About the Website

The information on the website is presented across several sections, which can be navigated using the buttons at the top of the page. ​Here in the 'About' section, you will find additional details as to how this website came about, what you can expect to find in each section and some of the misconceptions that have grown over the years relating to the trials.  ​The History section will include details about the witch trial period, including the beliefs of the time, the implications of the Witchcraft Act, and the methods used to find and convict alleged witches. Over time details of some of the more well documented trials and stories will be added to this section so please check back. The Resources section will provide details of useful research materials, including documents, books, and websites that will allow you to begin your own enquiries. ​You can find the locations of monuments and plaques across the country that commemorate some of those accused and learn their stories in the Memorials section. The bulk of the information can be found in the Blog. This is where individual stories of those accused will be posted, along with other information related to the trials. Presenting it in a blog format makes it easier for these articles to be shared. ​Information on the books written by Greg can be found in the Book section, along with links to purchase them via online retailers. The Media Enquiries section provides further contact information if you believe we can assist you with any project. ​If you are looking for specific information, you can use the search box to access any available information. Please note that the website is a constant work in progress, and the research is ongoing. Fresh information will be posted regularly, so remember to check back frequently.

Common Misconceptions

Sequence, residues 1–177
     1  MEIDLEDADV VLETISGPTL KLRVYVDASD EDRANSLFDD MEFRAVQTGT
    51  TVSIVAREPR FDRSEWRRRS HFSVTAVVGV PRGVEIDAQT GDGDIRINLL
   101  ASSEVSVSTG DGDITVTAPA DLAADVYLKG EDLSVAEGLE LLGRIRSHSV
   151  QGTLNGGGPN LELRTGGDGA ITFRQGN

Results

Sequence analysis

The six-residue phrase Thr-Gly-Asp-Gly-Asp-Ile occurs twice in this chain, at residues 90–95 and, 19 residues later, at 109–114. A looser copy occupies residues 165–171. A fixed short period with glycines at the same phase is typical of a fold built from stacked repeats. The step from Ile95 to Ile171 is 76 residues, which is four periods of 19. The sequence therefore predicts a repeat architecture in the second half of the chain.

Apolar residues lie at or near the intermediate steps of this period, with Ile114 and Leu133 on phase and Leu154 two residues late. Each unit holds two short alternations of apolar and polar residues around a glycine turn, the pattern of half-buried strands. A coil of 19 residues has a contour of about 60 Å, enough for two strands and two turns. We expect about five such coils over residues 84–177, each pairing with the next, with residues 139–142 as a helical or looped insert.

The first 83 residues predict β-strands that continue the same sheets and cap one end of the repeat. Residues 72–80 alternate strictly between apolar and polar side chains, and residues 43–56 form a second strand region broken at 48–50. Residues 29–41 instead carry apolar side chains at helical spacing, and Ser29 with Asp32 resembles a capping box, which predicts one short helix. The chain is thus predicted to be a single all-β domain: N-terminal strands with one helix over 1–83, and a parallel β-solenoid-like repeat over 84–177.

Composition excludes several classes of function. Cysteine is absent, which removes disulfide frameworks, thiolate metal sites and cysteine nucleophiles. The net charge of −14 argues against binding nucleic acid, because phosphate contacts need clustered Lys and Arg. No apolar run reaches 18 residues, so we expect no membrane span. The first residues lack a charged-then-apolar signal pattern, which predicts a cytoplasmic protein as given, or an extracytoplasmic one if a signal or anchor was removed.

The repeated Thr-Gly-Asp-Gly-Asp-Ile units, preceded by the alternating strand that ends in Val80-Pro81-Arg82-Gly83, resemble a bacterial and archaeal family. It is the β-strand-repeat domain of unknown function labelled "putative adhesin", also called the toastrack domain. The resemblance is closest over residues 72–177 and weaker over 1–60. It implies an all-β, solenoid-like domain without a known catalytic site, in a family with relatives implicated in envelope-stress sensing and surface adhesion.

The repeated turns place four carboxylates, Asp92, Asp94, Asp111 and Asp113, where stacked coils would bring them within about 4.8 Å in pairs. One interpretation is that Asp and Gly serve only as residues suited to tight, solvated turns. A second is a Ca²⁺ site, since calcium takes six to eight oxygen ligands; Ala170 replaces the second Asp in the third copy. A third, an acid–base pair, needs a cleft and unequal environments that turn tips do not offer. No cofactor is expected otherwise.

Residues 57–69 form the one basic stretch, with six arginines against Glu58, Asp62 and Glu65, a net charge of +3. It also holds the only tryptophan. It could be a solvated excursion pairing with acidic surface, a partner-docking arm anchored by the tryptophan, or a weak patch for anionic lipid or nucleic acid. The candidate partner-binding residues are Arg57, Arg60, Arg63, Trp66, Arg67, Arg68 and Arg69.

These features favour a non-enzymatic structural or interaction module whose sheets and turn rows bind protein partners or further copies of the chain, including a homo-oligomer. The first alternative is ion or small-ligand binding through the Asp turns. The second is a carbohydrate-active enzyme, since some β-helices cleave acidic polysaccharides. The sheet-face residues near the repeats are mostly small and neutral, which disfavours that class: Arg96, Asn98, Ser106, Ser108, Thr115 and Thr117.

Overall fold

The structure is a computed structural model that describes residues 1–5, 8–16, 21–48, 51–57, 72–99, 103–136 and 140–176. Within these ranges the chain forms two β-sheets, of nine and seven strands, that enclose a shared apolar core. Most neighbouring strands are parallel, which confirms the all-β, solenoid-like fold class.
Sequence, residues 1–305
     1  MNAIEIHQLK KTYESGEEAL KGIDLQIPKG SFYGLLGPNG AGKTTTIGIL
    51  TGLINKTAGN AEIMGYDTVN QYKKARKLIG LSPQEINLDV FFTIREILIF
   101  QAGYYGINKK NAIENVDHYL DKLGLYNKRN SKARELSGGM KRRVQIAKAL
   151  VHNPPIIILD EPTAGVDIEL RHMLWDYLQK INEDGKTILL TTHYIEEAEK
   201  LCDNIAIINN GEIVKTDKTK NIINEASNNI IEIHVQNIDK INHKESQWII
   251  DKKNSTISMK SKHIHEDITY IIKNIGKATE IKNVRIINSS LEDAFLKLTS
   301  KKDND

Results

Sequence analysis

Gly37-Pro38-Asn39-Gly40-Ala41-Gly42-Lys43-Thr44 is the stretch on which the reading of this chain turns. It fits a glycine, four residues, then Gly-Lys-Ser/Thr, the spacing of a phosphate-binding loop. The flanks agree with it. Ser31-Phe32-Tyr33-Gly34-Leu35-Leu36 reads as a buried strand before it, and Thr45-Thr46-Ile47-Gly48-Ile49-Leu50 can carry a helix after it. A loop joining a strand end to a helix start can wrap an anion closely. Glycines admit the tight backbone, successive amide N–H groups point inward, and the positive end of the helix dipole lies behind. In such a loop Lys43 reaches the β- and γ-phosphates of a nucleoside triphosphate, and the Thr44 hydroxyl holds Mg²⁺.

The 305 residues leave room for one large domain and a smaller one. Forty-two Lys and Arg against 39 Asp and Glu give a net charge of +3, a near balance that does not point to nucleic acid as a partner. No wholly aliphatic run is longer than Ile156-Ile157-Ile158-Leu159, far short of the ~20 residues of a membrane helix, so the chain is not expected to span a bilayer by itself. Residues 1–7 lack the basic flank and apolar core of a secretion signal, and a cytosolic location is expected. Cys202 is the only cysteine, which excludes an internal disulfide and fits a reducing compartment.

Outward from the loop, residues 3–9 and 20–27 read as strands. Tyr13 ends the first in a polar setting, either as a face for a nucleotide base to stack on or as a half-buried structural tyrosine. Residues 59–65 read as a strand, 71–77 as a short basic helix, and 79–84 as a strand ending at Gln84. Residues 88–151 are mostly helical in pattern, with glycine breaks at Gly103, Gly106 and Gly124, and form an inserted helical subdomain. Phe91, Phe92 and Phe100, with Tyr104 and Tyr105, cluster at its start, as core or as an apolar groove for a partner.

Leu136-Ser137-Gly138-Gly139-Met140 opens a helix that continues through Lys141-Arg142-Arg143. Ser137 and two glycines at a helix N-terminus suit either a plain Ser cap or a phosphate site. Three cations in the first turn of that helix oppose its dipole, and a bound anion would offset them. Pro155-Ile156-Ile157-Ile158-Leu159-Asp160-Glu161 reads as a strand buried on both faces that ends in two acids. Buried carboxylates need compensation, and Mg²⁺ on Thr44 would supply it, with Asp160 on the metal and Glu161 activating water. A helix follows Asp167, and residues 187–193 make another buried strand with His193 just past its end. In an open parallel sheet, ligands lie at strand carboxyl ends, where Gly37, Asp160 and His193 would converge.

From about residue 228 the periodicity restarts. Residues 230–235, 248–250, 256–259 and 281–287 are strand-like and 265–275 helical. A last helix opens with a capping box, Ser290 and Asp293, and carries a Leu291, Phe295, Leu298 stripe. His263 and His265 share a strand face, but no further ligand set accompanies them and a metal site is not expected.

Over the years many misconceptions have grown around the historic witch trials which are then unwittingly passed on as fact. Here we will explore and correct some of the most common incorrect beliefs. All Of The Accused Were Women: While it is correct that in Scotland the majority of those accused were women, they were not all. Based on the information contained within the Scottish Witch Trial Database, approximately 84% were women, 14% were men, and for 1%, it is impossible to determine from the information available. The Trials Were To Quash The Pagans: This is a very common belief, yet unfortunately, it is incorrect. It is impossible to state that none of the accused were Pagans. It should be remembered that Scotland had been a Christian country for around a century before the witchcraft act was introduced, and it was decades after Scotland converted from Catholicism to the Protestant faith before the legislation really took hold. A few of the trial records indicate that the accused did follow the old ways to a certain extent, in that they offered herbal remedies or were midwives. There is nothing to suggest they were not Christian. We Dooked The Witches: It is such a common image to see the poor old woman, soaking wet, perched on a seat hovering over a pond on some type of see-saw device. There is very little information in the records other than on a few of the earlier trials, however, to indicate that this method, or any method using water, was used to any great extent in Scotland. This is despite there being bodies of water across the country called 'Witches' …' suggesting they were pools used during the trials. The origins of the use of these names are not clear, but we can only go by the documentation related to the trials. It should also be remembered that the process of 'swimming the witch' was not an execution method as some suggest; it was a trial by water to prove innocence or guilt. Those found guilty were burned. In The Swimming Test, The Innocent Drowned: Again, this is something commonly stated which is incorrect. In places where the swimming test was used, the records indicate that ropes were tied to the accused so if they became submerged, they could be pulled out of the water before drowning. They Were All Old: The movie industry created this image that all witches were haggard old women. The information from the Scottish Witchcraft Database, however, suggests that the vast majority were aged between 30 and 60. The Convicted Were Burned Alive: In the records, if reference is made to a person convicted of witchcraft being 'burnt quick', that normally means they were burned alive. In the vast majority of cases, those convicted were garrotted or, on occasion, hanged, and their bodies then burned to prevent any resurrection. It Was a Good Way For a Husband To Get Rid Of His Wife: It is quite horrific that anyone would think this, but it does come up, mostly in jest. Witch trials were an expensive process. All those involved, including the jailers, judge, and executioner, had to be paid. In addition, the ropes, wood, and tar used for the execution had to be paid for. While the town covered the costs in some cases, where the family had assets they could be made to pay. The family could also be charged for the time their loved one was held in the prison. All in all, it could be extremely expensive, costing several months' wages, or even years for this poorly paid. Assets could also be claimed. So it is apparent that to accuse your own wife or any relative could be a disastrous thing to do.